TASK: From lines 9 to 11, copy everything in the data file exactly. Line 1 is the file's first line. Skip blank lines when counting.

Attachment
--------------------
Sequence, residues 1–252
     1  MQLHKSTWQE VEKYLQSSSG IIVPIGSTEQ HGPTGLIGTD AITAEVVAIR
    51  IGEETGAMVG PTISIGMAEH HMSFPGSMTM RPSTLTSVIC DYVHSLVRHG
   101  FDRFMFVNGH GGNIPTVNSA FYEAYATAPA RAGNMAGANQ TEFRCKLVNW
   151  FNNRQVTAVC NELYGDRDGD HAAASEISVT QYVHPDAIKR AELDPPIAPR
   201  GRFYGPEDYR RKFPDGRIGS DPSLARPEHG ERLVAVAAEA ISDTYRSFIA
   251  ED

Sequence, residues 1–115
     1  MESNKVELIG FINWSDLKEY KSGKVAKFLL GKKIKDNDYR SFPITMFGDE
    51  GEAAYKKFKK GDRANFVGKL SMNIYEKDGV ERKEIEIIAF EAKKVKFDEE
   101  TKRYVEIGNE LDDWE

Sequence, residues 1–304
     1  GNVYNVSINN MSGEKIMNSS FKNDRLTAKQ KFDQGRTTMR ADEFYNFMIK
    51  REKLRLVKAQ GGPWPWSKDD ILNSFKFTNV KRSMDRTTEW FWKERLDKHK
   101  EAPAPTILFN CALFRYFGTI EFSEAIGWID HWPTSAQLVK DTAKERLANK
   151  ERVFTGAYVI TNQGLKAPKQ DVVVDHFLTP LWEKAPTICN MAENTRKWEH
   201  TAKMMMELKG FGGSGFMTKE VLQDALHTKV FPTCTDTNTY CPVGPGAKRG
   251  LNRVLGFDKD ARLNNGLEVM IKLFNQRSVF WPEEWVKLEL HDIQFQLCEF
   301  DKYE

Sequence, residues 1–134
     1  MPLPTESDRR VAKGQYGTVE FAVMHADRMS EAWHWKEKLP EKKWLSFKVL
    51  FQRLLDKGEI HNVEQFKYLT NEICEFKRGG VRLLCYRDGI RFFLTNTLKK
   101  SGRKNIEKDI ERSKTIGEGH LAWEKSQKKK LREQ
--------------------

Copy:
     1  MESNKVELIG FINWSDLKEY KSGKVAKFLL GKKIKDNDYR SFPITMFGDE
    51  GEAAYKKFKK GDRANFVGKL SMNIYEKDGV ERKEIEIIAF EAKKVKFDEE
   101  TKRYVEIGNE LDDWE